Rolling hills and vales, enchanting areas of woodland, rugged shorelines and a dappled spring meadow can all become the most obvious of subjects for the landscape shooter, often yielding strongly emotive and awe-inspiring results.
The recipe for success however is less obvious and so here at Digital Photography School we aim to provide a list of the most necessary ingredients for capturing that captivating landscape.
Step 1: Finding the perfect spot
To minimise petrol costs scouting out that prized location, do a little preparation work before you head off. Research nearby or far-flung locations online, in the library or at your local tourist information office to discover what has been captured and decide how you can better it. There is no shame in looking at the work of photographers who you admire or who inspire you, and attempting to learn from the work they’ve achieved.
You could also try looking under resources for hiking, camping, mountain climbing, biking and canal boating, as well as many other outdoor pursuits, as these are likely to highlight scenic areas of interest. Talk to other photographers in person or on forums for their advice about where to try and where to avoid. Once you’ve created a shortlist of must-see locations, take a trip out to judge its potential in the flesh.
Step 2: Getting the right light
A landscape can be transformed with the right light and depending on the size of your scene it’s likely you’ll be dependent on the one obvious light source: the sun. Many landscape photographers believe the best light comes with the early morning light; a window that lasts an hour so before and after sunrise. Others argue that sunset provides more vivacious colouring, whereas some declare winter sun to be the best for shooting during the middle hours of the day.
Whatever your preference, photograph with the light behind or to the side of you and be prepared to get their ahead of the ‘window’ to find the best position, program settings and wait for the show to start. With that in mind – pack a comfortable chair, flask of warm beverage and warm clothing. Revising sunrise and sunset times for that particular location can be of great benefit, particular if you have a great distance to travel.
Step 3: Creative compositions
A solitary field lacking compositional elements will arguably be a dull scene so compose your landscape as you would with any other subject; think about what is interesting to the viewer. Walk around the location to pick out points of interest and employ tactics such as the rule of thirds, symmetry or the golden ratio to compose your scene.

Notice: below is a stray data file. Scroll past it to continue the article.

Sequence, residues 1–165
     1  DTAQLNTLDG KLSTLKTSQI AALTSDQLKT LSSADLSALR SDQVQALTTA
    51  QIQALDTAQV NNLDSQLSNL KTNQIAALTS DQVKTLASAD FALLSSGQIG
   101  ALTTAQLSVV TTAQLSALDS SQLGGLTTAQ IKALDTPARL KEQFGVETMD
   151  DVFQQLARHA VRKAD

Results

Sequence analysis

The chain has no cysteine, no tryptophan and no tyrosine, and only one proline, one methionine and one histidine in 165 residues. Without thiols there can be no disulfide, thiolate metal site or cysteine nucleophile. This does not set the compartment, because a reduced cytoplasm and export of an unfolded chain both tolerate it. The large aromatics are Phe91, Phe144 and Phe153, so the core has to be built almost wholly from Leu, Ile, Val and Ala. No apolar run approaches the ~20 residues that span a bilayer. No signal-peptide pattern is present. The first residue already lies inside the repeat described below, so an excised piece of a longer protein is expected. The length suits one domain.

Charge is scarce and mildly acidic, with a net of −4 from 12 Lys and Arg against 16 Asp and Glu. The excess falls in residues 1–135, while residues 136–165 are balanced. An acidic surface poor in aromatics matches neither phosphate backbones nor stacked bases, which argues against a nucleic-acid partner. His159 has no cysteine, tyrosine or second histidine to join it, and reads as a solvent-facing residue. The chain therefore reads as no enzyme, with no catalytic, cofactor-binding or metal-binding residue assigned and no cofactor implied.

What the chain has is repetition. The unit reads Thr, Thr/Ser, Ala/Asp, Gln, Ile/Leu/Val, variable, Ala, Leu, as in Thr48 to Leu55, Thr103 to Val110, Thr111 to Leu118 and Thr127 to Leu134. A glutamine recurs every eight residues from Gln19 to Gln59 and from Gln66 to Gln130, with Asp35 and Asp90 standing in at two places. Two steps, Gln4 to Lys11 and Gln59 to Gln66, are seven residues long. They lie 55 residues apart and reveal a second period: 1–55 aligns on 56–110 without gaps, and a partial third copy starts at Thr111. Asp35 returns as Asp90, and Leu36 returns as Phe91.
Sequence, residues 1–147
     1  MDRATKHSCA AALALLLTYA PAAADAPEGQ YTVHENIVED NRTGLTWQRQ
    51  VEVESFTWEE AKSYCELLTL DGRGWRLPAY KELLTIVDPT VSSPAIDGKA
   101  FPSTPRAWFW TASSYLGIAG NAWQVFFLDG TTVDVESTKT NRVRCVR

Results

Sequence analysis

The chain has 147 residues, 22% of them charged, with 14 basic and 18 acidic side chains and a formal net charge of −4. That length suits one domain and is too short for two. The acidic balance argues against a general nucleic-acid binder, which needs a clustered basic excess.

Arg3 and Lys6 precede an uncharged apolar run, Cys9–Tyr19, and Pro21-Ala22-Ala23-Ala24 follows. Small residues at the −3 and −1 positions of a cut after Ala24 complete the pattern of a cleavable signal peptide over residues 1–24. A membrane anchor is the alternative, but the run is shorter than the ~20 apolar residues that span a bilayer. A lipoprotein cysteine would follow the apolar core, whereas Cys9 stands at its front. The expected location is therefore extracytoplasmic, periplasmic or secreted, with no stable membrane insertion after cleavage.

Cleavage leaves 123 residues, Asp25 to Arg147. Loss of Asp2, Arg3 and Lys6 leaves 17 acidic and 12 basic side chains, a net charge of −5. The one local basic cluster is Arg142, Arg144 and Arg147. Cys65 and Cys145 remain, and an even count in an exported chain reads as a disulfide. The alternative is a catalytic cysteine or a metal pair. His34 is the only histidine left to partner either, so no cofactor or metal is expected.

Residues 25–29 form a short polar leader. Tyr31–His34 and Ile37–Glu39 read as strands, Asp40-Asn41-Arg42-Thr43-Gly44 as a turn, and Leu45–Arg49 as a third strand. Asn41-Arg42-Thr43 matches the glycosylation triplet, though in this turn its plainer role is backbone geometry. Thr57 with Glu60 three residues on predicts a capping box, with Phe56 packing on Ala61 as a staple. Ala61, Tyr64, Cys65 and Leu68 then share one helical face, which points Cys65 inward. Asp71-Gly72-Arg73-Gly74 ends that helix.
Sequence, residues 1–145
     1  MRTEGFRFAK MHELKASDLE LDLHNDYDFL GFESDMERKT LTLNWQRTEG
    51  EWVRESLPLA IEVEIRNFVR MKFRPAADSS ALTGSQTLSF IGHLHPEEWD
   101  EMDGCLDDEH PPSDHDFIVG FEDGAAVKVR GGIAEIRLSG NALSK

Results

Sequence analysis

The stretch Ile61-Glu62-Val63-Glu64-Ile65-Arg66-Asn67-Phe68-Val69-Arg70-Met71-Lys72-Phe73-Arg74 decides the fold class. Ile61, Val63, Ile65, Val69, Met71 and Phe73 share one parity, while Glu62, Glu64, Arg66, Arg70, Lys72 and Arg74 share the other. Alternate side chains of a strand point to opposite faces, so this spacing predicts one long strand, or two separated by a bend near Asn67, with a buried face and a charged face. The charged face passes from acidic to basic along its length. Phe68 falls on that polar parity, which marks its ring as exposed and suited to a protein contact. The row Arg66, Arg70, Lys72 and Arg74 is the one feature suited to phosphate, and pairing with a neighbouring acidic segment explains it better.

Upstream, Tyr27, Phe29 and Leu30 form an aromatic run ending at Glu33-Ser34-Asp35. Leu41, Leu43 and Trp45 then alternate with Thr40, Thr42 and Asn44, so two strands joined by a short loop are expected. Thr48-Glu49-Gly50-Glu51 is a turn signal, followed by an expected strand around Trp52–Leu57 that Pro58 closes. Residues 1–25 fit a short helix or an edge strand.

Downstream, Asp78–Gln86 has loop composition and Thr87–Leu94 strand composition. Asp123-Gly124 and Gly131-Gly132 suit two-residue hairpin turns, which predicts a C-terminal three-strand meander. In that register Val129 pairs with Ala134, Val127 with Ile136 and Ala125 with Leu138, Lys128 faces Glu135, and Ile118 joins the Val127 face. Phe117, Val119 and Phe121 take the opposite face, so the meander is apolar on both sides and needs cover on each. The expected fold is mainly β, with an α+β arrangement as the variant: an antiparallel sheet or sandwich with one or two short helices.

Pay attention to the geographical elements before you and how they intersect with each other, for example; the line of the horizon, the shape of a mountain or a lake, consider how much space lies before you before it intersects with the nearest line or shape, and determine where these elements should be positioned for maximum interest. Are there shadows, or reflections that you can exploit as main areas of interest? Consider some foreground interest to draw the viewer in, or incorporate a leading line; such as a path, river or railway track to guide the eye into the frame.
Before you shoot say to yourself ‘what interests me within this image?’, ‘Does this composition do anything for me?’ and ‘what are the main areas of interest here, and am I showing these at their best?’ Be objective if possible, just because you find something in the scene interesting, will someone else be able to relate to it enough to find it interesting? Finally, just because you are shooting a landscape, it doesn't mean you are restricted to a landscape orientation – experiment!
Step 4: The ideal set up
Adjust your tripod to a height that offers the best perspective: too low and the scene can look flat, too high and the perspective on any foreground interest may become skewed. Attaching a carrier bag of rocks or even your backpack to the centre column is a good way of increasing rigidity in the likelihood that a sudden gust of wind may disturb your capture. If your tripod has a split level use this to ensure the composition is straight and secure the DSLR as tightly as possible.
Turn off your lens’ vibration reduction technology and set the camera’s ISO low to 100 or 200 for example. If you are confident shooting in manual consider using longer exposures, especially at dawn or dusk when the light is deemed. These lengthy exposures will blur the ebb and flow of the sea or trace the movement of a cloud in the sky, cultivating in an eerily ethereal or delicately moody frame. If the light is stronger or you are shooting in the middle of the day, you may want to consider using filters to cut down the light entering your lens to achieve these longer exposures.
Using Aperture Priority will lend the opportunity to play with depth of field; and for a crisp capture with a wide scope of the scene in focus use an aperture of between f11 to f22. If you fancy getting creative why not employ a wider aperture and create a shallower depth of field, concentrating on the foreground interest in particular? Revise captures using Playback by zooming in to ensure details crisp, colours are accurate and study the histogram to approve the exposure. It’s advisable to shoot in RAW if your device allows it and your memory card can accommodate it.
Later in the editing suite you’ll have a greater control over contrast, colour and exposure to perfect your landscape and reach your potential as a landscape photograph.
Post from: Digital Photography School – Photography Tips.